Borderlands Reporting

Mancias: Camp Toyahvale Part of Long History of Native Resistance in Texas

Mancias at the head of the Lajitas No Pipeline March (See: Standoff at the Lajitas Resort). Image: Greg Harman

Water Protectors in Texas have been engaged in a months-long campaign to force Energy Transfer Partners CEO Kelcy Warren to resign from the board. (See: We Want Parks Not Pipelines). Below is a brief conversation with Juan Mancias, tribal chair of the Carrizo/Comecrudo nation, that places this effort in some historical perspective. It opens around minute 3:30 on the embedded livestream made at last week’s protest outside (and in-) the Texas Parks & Wildlife Commission meeting.

ETP is the company running the Dakota Access Pipeline being resisted at the Standing Rock Native American Reservation in North Dakota. In Far West Texas, direct actions organized against another ETP pipeline, the Trans-Pecos Pipeline, already stretching from near Fort Stockton to close to the US-Mexico border, are being led by the Society of Native Nations out of the Two Rivers camp in Presidio County.

Over the weekend, a child of 16 was arrested after locking down on construction equipment as part of that effort: tppl-youth-action-jan28_2017.)

But Mancias and others have set up another type of resistance camp a couple hours away on the perimeter of Balmorhea State Park and to the north side of the Davis Mountains. The mission of Camp Toyahvale is to protect the sacred springs at Balmorhea by resisting oil and gas development as fracking picks up in the area, led by a major find by Apache  Corporation.

“The direct action there is education,” he told Texas Parks and Wildlife Commissioners, inviting its members to Toyahvale to educate them about the proper way to protect sacred areas in the state. Balmorhea, he added, has numerous such sites, including burial sites.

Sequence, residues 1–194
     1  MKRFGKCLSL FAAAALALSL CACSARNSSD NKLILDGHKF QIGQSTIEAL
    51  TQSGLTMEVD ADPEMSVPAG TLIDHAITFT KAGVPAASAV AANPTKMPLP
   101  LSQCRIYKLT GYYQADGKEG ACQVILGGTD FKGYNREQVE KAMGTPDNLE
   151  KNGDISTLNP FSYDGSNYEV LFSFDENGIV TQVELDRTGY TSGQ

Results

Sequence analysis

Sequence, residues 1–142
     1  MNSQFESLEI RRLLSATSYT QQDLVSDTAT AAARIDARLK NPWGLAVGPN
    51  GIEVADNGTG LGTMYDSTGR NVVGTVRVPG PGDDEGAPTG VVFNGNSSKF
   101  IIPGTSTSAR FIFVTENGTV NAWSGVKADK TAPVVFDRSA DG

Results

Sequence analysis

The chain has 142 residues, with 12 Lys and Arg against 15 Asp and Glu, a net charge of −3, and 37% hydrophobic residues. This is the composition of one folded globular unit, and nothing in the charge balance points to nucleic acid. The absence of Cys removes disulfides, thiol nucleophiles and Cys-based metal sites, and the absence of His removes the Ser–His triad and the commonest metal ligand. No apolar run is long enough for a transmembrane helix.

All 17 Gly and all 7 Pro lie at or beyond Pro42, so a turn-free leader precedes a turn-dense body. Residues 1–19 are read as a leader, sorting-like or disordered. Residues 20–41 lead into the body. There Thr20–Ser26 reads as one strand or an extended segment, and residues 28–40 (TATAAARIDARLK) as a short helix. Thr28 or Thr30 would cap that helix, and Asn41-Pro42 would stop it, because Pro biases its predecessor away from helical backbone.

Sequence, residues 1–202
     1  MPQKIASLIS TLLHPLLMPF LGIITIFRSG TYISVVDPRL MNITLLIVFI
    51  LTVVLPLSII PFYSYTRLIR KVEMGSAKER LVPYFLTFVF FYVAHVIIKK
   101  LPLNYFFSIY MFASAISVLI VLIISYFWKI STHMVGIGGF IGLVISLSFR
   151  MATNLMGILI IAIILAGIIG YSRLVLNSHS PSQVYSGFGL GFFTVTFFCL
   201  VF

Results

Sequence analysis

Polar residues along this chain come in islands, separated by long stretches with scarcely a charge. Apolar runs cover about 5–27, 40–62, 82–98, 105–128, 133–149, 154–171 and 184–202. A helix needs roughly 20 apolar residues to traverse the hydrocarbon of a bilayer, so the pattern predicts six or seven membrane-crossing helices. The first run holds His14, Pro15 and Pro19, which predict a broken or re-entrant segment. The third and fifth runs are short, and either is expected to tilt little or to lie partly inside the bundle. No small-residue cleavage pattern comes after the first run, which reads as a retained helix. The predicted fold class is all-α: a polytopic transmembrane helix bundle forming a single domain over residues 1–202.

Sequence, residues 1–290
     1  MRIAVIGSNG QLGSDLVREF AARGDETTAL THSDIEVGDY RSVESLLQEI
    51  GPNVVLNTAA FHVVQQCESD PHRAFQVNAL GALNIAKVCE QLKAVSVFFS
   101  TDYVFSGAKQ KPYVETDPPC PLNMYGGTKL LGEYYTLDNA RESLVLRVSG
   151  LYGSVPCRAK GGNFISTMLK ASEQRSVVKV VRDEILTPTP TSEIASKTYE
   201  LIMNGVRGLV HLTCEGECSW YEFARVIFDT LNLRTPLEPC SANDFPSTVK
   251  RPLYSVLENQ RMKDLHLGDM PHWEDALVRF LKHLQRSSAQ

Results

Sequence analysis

The point of discussion was a vote on a donation of a six-acre strip of land to the state that would join two 50-acre parcels now making up Balmorhea State Park, site of artesian springs that serve as a popular swimming hole and are considered sacred by, among others, the Carrizo/Comecrudo people.

“One of the concerns we have is to make sure there is some consultation with the native people of that area, now that we have an interpretive center out there,” he told the commissioners. “Basically, we are tired of being ignored. Of being called extinct.”

Here’s a visual representation of what Apache’s interests look like in terms of possible frack wells in the Balmorhea area, courtesy of TXSharon’s Bluedaze. The company intends to drill up to 4,000 wells ranging across the roughly 350,000 acres they have secured mineral rights to.


As Mancias describes it, Camp Toyahvale, dedicated to cultural restoration and teaching of native lifeways, and Two Rivers Camp, taking on the Trans-Pecos directly, are just the latest iteration of a long history of under-reported native-led efforts in the state.

“A lot of the people don’t know anything about the history of the native peoples in Texas; they don’t know anything about these pipelines and how much a lot of the tribes have been fighting against them,” he said before the TPWD meeting. “I think this is great. [Toyahvale] opens the eyes to a different awakening.”

Just as there are several native prophesies about a Black Snake that some have attached to today’s reality of the Dakota Access Pipeline being resisted at Standing Rock, Mancias recently shared the following rock art reproduction on his Facebook page that would connect the Trans-Pecos and other similar pipelines already crossing the Rio Grande to prophesy.


I am sharing the prophecy of the Rio Grande River. The picture indicates the snake crossing the the Rio Grande and how the Esto’k Gna will take the stand to make this happen.

We are but the dreams of our ancestors who recognized boxes with crane like arms. There is more to the picture as well. We are the 7th generation of a 7th generation of a 7th generation. We are the the 7th to generation to coming generations and if we do not teach the teachings as they have been left it will be left to another generation or there maybe no more generations.

So I say do not simplify the teachings of the people who have given me the identity to be Esto’k Gna, by romanticizing it with generic forms of modernized spirituality. These teachings are not induced by Hallucinated babblery of poorly made up, confused, cultish, and distorted egos. Teachings include all emotions that connect us to the reality of creation without losing sight of the tribal teaching.

Esto’k Gna is the proper name for a people the Spanish would later call Carrizo.

Below is Mancias’s testimony before the commissioners regarding the need for indigenous direction at Balmorhea.